Eggshell membrane is exactly what it sounds like – it is the paper thin layer that lines the inside of an egg shell. This lining may not look like much, but it is packed full of proteins, namely the protein building blocks of cartilage – collagen and glycosaminoglycans (GAGs). In addition to providing necessary nutrition to the joint, eggshell membrane also affects inflammatory pain by decreasing the expression of pro-inflammatory compounds. Experimental studies in arthritic dogs supplemented with eggshell membrane and combined with glucosamine/chondroitin showed significant improvement in joint pain and function vs. those taking only glucosamine/chondroitin.
Boswellia serrata is in the same family of Indian frankincense. This ingredient comes from a resin extract of the Boswellia tree. It modulates pain by decreasing the synthesis of leukotrienes – compounds that are involved in inflammatory disease state. Boswellia has not only shown benefits in helping decrease joint pain, but it has also shown promise with other diseases like asthma and inflammatory bowel disease.
The source of milk protein.
Microlactin is a protein that is extracted from the milk of hyperimmune/hyperimmunized cows. It is beneficial in that it prevents destructive factors from getting into the joints and causing further degeneration. An additional benefit is that milk protein has limited side effects, which makes it ideal for sensitive patients with chronic pain that have difficulty tolerating traditional anti-inflammatories. Microlactin is the form available to humans, while Duralactin is the veterinary form available for dogs and cats.
Methylsulfonylmethane (or MSM) is a product frequently combined with glucosamine and chondroitin supplements. MSM is a compound found in animals, humans, and plants. With both anti-inflammatory and antioxidant properties, MSM helps ameliorate osteoarthritis pain by penetrating the membrane and combating inflammation. Additionally, MSM is a potent antioxidant that directly affects free radicals, which are known for destroying cell membranes. Multiple studies have shown that MSM decreases intensity, pain, and swelling of the joint in humans.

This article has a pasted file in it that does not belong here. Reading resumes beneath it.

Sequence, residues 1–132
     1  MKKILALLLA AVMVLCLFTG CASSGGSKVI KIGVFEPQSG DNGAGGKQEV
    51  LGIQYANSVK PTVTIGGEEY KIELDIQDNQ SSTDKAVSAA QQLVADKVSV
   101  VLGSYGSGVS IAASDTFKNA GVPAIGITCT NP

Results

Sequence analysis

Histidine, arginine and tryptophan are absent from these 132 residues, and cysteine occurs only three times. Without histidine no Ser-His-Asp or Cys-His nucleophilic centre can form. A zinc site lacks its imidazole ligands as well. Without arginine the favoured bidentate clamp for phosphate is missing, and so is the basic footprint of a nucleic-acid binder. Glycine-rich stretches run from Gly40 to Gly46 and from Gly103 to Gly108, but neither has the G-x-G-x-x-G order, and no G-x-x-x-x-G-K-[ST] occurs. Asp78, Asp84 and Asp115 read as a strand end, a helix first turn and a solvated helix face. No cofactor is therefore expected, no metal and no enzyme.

Green Lipped Mussel
The beautiful color and texture of the green lipped mussel.
Green Lipped Mussel or Perna canaliculus is a promising supplement found in many over-the-counter joint products. The Green Lipped Mussel (GLM) is native to New Zealand, with a name deriving from the green outer edge of the mussel’s shell. Contained within this mussel are high concentrations of Omega-3 fatty acids, as well as a high concentration of Eicosatetraenoic acid (or ETA). GLM provides the building blocks of cartilage (PSGAGs), thus helping with joint fluid health and cartilage repair. In addition, GLM can be a potent anti-inflammatory by inhibiting the inflammatory cascade and showing no significant gastrointestinal effects.
UC-II is the term to describe undenatured type II collagen. This type of collagen is sourced from within the breastbone of a chicken and allows the pro-inflammatory factors to “attack” it instead of the collagen found within the joints. A study performed on dogs that were fed a glucosamine/chondroitin supplement combined with UC-II showed significant improvement in activity and pain scores, as opposed to the group who were only taking glucosamine/chondroitin. Furthermore, once the UC-II combo was withdrawn, the group regressed and started to show original signs of pain and decreased activity.
The market is flooded with joint supplement options to help your fur baby deal with inflammation and joint degeneration associated with osteoarthritis. Some of these products can be used to supplement your pet’s current medical protocol or considered as first-line early intervention to help support the joints and aid in slowing degeneration. Because FDA approval is not necessary for supplements, it is strongly advised that you discuss potential recommendations with your veterinarian to make sure your pet is getting the right product for their particular stage of disease.